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Treasury Yields Decline After 10-Year Fails Again to Reach 5%

Treasury Yields Decline After 10-Year Fails Again to Reach 5%

Treasury yields declined in US trading Friday, paring weekly increases that pushed the 10-year note’s nearly to 5%, as investors showed interest in risk-free rates at multiyear highs against a backdrop of escalating warfare in the Middle East.

After being spurred to the highest levels since at least 2007 this week, most US government bond yields declined by at least 5 and as much as 10 basis points. The 10-year’s traded near 4.91% after touching 4.993% earlier Friday. It remained higher on the week by about 30 basis points, among the biggest moves in the past five years.

Catalysts for higher yields this week included stronger-than-anticipated retail sales data released Oct. 17 that pushed up expectations for another Federal Reserve interest-rate hike as inflation continues to exceed the central bank’s target. Short-term yields began tumbling yesterday after Fed Chair Jerome Powell hinted that the Federal Open Market Committee is unlikely to raise rates in November, at least.

The conflict in the Middle East is adding to demand for haven assets including Treasuries, and pushing up crude oil prices.

Bond investors “do not have to worry about the FOMC for the foreseeable future, and now their focus has shifted” to geopolitics, said Tony Farren, managing director in rates sales and trading at Mischler Financial Group. Also, “the Treasury market was oversold.”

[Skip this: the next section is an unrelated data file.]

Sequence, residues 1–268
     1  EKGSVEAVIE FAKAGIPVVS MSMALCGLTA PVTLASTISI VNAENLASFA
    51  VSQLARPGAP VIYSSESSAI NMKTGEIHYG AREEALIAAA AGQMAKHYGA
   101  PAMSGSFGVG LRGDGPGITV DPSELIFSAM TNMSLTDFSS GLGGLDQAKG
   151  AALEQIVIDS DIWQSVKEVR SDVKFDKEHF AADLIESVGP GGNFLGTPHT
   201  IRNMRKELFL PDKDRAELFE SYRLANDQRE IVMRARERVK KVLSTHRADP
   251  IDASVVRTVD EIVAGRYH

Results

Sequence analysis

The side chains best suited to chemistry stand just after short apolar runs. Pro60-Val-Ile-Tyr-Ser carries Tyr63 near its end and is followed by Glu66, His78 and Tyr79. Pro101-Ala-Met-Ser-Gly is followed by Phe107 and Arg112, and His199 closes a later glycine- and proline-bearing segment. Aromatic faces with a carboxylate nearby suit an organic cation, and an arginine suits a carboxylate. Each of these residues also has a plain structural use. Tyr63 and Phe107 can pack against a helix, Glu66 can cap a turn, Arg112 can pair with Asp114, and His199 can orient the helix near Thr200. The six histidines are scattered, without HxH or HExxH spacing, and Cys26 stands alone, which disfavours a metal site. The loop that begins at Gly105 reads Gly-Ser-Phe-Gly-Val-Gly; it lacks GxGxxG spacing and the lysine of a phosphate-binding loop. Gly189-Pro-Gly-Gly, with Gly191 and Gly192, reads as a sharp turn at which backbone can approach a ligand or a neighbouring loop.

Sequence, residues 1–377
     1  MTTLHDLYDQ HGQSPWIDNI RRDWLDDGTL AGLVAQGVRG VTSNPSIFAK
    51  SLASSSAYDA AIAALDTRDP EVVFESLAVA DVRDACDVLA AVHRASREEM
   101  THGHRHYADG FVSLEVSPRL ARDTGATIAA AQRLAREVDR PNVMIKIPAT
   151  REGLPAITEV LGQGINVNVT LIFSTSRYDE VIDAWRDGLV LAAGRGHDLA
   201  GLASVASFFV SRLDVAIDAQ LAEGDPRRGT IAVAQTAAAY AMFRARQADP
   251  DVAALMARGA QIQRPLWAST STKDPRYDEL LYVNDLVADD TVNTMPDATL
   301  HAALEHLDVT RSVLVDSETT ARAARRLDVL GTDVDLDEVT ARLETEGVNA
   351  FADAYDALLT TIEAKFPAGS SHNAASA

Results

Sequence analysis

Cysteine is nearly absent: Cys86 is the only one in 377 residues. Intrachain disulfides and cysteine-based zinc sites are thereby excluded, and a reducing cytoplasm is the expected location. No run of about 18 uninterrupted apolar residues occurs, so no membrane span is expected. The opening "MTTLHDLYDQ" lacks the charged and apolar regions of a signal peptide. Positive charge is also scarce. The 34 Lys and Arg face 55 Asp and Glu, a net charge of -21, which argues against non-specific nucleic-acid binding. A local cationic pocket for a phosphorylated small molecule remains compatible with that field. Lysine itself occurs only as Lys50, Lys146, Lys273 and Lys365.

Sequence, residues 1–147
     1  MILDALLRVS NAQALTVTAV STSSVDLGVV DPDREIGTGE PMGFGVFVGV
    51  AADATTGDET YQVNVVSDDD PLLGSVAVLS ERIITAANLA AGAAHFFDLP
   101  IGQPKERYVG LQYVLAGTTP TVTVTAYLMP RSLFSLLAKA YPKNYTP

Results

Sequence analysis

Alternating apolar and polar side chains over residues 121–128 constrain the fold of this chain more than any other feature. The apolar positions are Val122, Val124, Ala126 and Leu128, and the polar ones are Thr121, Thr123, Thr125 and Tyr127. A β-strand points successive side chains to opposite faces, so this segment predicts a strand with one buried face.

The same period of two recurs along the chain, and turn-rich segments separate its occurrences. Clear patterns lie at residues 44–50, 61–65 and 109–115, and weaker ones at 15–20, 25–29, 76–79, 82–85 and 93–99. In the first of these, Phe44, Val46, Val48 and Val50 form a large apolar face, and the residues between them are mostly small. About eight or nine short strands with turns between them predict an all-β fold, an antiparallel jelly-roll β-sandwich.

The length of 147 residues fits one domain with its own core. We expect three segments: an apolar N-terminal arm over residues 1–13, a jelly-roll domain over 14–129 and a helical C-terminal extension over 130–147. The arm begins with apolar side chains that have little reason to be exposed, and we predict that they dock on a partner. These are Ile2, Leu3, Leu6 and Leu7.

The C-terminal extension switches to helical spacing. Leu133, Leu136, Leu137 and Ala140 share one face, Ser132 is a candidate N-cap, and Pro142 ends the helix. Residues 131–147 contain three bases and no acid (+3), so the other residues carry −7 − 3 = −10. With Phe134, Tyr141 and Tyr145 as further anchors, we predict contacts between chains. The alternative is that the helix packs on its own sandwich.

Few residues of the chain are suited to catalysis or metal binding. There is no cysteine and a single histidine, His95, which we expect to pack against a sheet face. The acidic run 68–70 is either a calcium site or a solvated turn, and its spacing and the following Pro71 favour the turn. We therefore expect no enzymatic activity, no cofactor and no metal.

US 10-Year Yield's Weekly Increase Is Among Biggest

Since the retail sales data pushed the market-implied chances of another Fed rate increase this year toward 60%, those odds have dipped back to about one-in-three, with January given a somewhat higher probability of about 40%.

Bank of America interest-rate strategists, in changing their forecast for another rate hike to December from November, said part of the thinking on January was that a possible US government shutdown could delay the production of economic data the Fed relies on for decision-making.

The Fed is seen keeping its policy rate at the peak level through mid-2024, according to pricing in the swaps market.

“At the end of the day, ‘higher for longer’ is negative for risk assets,” said Kathy Jones, Charles Schwab’s chief fixed-income strategist. “Ahead of the weekend with so many risks on the table, it looks like traders are squaring up and taking to the sidelines.”


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